The Impact of Economic Reforms on Growth: A Case Study of Bangladesh

Article excerpt


This study makes a brief assessment of the consequences of economic reforms that included a series of liberalization measures on Bangladesh's growth process by analyzing the 1974-2007 data with the help of cointegration, error correction, and Granger causality tests. The results suggest that long-run economic growth in Bangladesh is largely explained by investments in both physical and human capital, trade openness, and financial as well as capital account liberalization. While the causality runs in both ways between capital account liberalization and economic growth, it runs only in one direction from physical capital and financial liberalization to economic growth in the short-run. Interestingly, growth is not affected by trade openness in the short-run. While trade liberalization and capital account liberalization have had significant positive impacts on economic growth in the long-run, the effects of financial liberalization were found to be significantly negative. This emphasizes the need for ensuring real sector development as a prerequisite for the success of financial liberalization.

JEL Classifications: F41, F43

Keywords: Trade liberalization, financial liberalization, capital account liberalization, growth, cointegration, causality

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Economic reforms usually entail liberalization in the areas of trade, finance, and capital. Starting from mid-1980s, Bangladesh gradually introduced various liberalization measures as part of its economic reform programs. The process was initiated by liberalizing its international trade, which consisted permitting the exporters of non-traditional items to convert some of their export earnings at higher exchange rate in the secondary market, reduction of the tarifflevel and tariffdispersion, simplification and rationalization of the tariffstructure, and deregulation of the import process as well as export incentives such as Export Performance Licensing, Export Performance Benefit Scheme, Special Bonded Warehouse Scheme, Back-to-Back L/C System, Export Credit Guarantee Scheme, Export Promotion Fund, bank loans, and "tax holiday". The financial sector reforms in Bangladesh which began during the first half of the 1990s include liberalization of interest rates, improvement of monetary policy, abolishing priority sector lending, strengthening central bank supervision, regulating banks, improving debt recovery and broadening capital market development. Capital account liberalization in Bangladesh started in 1997 (International Monetary Fund, 2000). It includes easing restrictions in capital and money market, derivatives, credit operations, direct investments, real estate transactions, personal capital movements, provisions specific to commercial banks and institutional investors.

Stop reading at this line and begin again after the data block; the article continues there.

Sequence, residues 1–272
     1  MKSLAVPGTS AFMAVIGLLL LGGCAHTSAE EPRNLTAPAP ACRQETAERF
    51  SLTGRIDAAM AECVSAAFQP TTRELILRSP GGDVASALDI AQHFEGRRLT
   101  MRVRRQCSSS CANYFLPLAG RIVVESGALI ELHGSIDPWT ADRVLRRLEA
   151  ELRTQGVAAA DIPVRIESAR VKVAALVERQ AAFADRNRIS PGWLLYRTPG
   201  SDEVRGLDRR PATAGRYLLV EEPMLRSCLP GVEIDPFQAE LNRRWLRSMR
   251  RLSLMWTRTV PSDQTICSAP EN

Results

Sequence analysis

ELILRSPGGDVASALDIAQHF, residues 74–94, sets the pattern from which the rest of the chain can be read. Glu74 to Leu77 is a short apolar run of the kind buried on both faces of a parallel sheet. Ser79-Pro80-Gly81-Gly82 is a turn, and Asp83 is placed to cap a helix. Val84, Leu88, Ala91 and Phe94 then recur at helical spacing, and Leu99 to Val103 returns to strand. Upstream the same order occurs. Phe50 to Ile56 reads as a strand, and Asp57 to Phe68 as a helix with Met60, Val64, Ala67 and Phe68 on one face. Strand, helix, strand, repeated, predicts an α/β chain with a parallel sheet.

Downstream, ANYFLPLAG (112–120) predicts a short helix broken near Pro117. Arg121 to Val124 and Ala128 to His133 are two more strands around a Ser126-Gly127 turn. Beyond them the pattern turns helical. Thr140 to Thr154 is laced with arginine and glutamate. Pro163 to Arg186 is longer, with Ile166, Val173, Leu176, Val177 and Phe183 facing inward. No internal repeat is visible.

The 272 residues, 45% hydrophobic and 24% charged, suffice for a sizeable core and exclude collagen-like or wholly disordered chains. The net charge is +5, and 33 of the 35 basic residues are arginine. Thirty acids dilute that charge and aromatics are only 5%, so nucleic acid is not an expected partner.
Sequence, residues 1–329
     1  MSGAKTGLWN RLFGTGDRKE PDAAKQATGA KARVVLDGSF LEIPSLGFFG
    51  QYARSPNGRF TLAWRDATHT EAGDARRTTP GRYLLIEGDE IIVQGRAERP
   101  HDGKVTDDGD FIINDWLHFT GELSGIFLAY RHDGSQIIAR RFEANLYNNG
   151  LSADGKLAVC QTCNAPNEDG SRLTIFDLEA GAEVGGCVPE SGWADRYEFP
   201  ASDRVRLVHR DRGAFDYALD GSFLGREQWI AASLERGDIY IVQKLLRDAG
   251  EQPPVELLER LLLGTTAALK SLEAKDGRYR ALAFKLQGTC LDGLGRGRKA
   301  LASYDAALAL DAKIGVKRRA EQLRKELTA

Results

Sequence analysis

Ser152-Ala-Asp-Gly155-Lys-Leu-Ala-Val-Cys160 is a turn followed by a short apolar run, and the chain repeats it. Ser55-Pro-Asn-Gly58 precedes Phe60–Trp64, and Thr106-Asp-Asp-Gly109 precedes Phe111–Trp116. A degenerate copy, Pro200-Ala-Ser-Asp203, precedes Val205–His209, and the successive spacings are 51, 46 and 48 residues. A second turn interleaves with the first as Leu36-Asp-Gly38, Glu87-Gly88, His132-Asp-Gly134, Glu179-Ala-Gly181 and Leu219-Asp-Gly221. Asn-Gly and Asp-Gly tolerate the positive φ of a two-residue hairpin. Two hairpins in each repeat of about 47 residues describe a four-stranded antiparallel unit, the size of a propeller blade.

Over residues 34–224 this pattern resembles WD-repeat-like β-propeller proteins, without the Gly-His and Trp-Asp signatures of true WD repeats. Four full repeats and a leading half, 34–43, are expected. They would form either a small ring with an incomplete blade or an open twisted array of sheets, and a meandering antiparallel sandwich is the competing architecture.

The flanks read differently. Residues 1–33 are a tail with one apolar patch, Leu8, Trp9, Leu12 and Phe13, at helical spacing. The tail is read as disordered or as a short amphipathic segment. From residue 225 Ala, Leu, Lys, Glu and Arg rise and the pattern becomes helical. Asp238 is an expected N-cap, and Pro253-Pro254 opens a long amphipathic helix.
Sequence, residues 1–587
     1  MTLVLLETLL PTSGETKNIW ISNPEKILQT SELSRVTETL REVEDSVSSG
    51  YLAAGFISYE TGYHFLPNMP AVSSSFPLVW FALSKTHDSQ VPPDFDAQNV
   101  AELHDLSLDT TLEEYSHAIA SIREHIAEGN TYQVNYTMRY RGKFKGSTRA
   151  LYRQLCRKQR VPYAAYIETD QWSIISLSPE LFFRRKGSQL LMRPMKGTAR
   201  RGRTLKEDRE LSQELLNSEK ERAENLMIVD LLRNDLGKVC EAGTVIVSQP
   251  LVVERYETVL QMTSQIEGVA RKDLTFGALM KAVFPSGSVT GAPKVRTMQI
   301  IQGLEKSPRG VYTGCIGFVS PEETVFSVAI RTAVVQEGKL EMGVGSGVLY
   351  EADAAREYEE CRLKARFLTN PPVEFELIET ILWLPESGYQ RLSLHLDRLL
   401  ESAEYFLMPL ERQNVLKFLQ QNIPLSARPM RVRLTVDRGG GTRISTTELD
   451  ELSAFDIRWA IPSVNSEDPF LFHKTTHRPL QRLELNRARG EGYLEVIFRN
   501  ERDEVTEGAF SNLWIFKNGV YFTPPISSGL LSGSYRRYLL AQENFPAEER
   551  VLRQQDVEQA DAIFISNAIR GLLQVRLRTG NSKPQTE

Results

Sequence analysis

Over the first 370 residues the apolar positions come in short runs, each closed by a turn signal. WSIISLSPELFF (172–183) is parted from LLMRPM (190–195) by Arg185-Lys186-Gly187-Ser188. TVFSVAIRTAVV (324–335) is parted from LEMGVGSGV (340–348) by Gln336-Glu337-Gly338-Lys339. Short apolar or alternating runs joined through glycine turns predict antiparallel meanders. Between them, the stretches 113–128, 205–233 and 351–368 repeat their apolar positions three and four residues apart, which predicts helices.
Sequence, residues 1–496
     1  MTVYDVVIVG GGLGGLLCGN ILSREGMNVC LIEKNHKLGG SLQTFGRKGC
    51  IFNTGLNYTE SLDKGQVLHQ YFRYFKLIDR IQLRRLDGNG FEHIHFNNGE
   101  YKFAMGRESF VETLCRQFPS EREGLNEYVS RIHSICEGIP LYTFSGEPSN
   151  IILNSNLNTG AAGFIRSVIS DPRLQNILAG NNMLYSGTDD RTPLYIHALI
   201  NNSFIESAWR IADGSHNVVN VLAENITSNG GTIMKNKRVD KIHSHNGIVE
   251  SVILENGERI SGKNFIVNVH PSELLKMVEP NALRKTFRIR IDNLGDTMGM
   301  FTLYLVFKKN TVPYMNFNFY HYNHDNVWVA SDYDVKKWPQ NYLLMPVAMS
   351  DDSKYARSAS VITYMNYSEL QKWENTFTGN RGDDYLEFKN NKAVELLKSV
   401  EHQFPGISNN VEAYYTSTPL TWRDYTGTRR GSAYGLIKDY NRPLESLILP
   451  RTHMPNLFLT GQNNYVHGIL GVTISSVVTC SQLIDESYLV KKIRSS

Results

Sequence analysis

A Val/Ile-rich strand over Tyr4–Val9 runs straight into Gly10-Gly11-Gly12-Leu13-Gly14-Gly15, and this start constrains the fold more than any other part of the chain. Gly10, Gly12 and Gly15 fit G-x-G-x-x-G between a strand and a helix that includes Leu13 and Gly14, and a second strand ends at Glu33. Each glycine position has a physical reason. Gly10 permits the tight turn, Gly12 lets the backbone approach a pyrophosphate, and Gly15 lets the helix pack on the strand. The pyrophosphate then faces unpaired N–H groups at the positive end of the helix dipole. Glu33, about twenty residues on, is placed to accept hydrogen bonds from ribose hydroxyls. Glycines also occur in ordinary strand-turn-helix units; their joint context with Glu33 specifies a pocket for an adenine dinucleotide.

Empirical evidence on the effects of economic liberalization on growth has been mixed. Several studies including those of Krueger (1978), Romer (1989), Dollar (1992), Ghatak et al. (1995), Sachs and Warner (1995), Gould and Ruffin (1995) and Edwards (1998) provided strong evidence of an "indirect' effect of trade liberalization on growth. A few studies, namely Wacziarg and Welch (2008), Dollar and Kraay (2004), Chang et al. (2005) and Salinas and Aksoy (2006) established a "direct' link (unidirectional causality) between export and growth. Many other studies however failed to establish any unidirectional link between export and economic growth. These include Hsiao (1987), Chow (1987), Kwan and Cotsomitis (1990), Ahmed and Kwan (1991), Ahmed and Harnhirun (1995) and Islam (1998). On the other hand, a few studies including those of Grossman and Helpman (1991), Harrison (1996), Greenaway et al. (1998), Rodríguez and Rodrik (1999), Harrison and Hanson (1999), Srinivasan (2001) and Bolaky and Freund (2004) suggest that trade liberalization may have negative impact on economic growth.

A number of studies have investigated the relationship between financial and capital account liberalization and economic growth. …